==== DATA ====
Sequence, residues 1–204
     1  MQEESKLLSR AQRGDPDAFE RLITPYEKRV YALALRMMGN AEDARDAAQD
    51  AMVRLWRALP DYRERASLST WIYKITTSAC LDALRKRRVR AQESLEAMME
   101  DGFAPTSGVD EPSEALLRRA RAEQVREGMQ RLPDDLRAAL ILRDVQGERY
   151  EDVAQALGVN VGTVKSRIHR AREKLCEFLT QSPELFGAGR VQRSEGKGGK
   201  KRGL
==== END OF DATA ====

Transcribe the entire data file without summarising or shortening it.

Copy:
Sequence, residues 1–204
     1  MQEESKLLSR AQRGDPDAFE RLITPYEKRV YALALRMMGN AEDARDAAQD
    51  AMVRLWRALP DYRERASLST WIYKITTSAC LDALRKRRVR AQESLEAMME
   101  DGFAPTSGVD EPSEALLRRA RAEQVREGMQ RLPDDLRAAL ILRDVQGERY
   151  EDVAQALGVN VGTVKSRIHR AREKLCEFLT QSPELFGAGR VQRSEGKGGK
   201  KRGL